Citing 1997 as a dismal year for online game companies, a recent Jupiter Communications report says the $8
million advertising market for those sites will increase to $465 million by
2002, and will do so by appealing to a much more youthful demographic.
With the overall market pegged at $1.1 billion in five years, the Jupiter
report, released to clients of its Strategic Planning Services (SPS) program,
projected that 60% of the audience for online games will be under 18 by 2002–up from a mere 7% today.
Although subscription-based revenues for online game sites were strong in
1997, the proliferation of free, ad-supported sites had far more momentum in
terms of growth.
New York City-based Jupiter said it believes that services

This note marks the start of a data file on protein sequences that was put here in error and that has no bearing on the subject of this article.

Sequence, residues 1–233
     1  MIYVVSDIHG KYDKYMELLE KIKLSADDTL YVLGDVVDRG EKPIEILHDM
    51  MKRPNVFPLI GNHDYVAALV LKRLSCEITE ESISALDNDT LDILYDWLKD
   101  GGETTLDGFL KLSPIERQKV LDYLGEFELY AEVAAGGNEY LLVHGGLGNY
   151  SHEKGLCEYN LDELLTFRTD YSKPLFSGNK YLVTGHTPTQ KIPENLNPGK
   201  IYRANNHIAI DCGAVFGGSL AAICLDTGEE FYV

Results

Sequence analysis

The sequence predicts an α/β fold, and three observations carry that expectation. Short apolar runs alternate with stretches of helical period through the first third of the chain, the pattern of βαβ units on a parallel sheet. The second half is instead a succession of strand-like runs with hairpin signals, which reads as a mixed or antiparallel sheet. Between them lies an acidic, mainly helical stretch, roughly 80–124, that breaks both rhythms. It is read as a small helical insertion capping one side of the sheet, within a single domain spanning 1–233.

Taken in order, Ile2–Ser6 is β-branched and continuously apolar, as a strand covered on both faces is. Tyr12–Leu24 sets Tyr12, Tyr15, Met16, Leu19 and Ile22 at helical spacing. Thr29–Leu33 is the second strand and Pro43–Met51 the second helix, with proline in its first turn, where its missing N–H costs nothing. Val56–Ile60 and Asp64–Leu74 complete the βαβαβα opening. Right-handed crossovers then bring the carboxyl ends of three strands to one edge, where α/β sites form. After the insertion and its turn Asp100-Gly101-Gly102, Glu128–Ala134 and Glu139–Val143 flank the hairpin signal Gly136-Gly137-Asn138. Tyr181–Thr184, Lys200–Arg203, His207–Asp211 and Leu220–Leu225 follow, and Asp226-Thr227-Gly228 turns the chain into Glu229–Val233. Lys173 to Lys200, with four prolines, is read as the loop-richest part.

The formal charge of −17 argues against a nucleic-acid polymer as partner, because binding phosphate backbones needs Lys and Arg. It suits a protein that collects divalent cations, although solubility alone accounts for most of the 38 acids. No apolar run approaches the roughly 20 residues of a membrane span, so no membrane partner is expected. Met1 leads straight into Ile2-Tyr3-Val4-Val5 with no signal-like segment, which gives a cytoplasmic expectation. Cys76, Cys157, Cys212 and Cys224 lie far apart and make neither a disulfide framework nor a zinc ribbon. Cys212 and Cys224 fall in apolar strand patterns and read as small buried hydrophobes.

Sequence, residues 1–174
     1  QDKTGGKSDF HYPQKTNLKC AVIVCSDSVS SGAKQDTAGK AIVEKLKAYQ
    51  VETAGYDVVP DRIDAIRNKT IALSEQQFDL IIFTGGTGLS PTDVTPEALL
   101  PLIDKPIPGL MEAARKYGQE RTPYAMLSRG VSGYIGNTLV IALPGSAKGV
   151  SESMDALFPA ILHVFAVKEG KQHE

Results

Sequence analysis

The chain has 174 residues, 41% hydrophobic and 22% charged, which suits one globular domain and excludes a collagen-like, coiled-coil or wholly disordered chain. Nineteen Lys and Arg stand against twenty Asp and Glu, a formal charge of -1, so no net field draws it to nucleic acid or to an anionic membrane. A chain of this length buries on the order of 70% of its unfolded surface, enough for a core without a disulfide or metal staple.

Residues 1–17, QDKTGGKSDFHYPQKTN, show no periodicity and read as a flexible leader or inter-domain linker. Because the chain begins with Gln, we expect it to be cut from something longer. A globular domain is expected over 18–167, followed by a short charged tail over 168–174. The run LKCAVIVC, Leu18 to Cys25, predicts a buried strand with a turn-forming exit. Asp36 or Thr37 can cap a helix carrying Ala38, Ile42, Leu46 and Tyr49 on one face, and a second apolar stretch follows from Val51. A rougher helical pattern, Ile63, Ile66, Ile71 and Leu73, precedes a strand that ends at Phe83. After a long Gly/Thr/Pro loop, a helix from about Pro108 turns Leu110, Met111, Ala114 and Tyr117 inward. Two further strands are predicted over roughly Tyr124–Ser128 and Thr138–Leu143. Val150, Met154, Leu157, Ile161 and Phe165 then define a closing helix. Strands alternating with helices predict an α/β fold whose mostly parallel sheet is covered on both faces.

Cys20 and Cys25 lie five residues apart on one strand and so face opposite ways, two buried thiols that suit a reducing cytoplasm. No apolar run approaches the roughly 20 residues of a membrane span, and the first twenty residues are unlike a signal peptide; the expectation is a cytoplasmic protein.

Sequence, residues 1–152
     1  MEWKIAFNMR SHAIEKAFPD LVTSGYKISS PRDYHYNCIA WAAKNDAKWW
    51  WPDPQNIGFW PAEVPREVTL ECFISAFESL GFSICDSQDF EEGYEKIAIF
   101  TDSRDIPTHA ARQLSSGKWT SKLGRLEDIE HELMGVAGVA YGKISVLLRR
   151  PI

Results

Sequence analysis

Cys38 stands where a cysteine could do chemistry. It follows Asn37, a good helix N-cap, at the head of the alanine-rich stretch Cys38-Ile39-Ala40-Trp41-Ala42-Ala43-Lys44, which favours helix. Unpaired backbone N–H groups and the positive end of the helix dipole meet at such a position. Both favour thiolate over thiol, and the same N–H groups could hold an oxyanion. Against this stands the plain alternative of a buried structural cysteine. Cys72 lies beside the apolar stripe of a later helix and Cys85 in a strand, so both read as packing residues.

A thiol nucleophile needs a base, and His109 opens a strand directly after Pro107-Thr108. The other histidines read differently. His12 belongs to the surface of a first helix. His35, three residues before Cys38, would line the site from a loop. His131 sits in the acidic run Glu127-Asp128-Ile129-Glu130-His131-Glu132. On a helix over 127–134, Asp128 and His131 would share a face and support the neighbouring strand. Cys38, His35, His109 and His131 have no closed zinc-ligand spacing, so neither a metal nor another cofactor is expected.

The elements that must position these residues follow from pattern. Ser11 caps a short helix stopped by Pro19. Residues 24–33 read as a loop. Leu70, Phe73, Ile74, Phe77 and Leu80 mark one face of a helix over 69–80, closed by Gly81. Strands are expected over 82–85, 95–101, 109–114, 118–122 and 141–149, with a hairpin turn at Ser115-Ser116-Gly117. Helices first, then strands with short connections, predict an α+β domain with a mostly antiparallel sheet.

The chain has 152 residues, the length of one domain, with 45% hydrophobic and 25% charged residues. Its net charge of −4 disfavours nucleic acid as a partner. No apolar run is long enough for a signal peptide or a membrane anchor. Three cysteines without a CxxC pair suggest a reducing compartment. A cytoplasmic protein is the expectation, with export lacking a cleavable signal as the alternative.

with ad-supported and subscription elements will dominate in the future as
game aggregators and portals bundle subscription packages to consumers–resulting in cost savings for the user and increased revenue potential for businesses that can successfully collect and distribute a wide variety of games.
In addition, subscription services lend themselves well to tiered pricing plans–drawing in players with low prices and then raising prices and privileges as users become more involved in the services.
“Though advertising will account for the greatest source of revenue by 2002,
subscription revenues run a close second,” said Mark Mooradian, group
director, Consumer Content at new media research firm Jupiter. “And this still
won’t guarantee that games sites realize a profit. Companies need to redefine
their business plans to attract the predominant demographic and must phase out
pay-per-time and pay-per-play revenue models, except as options to a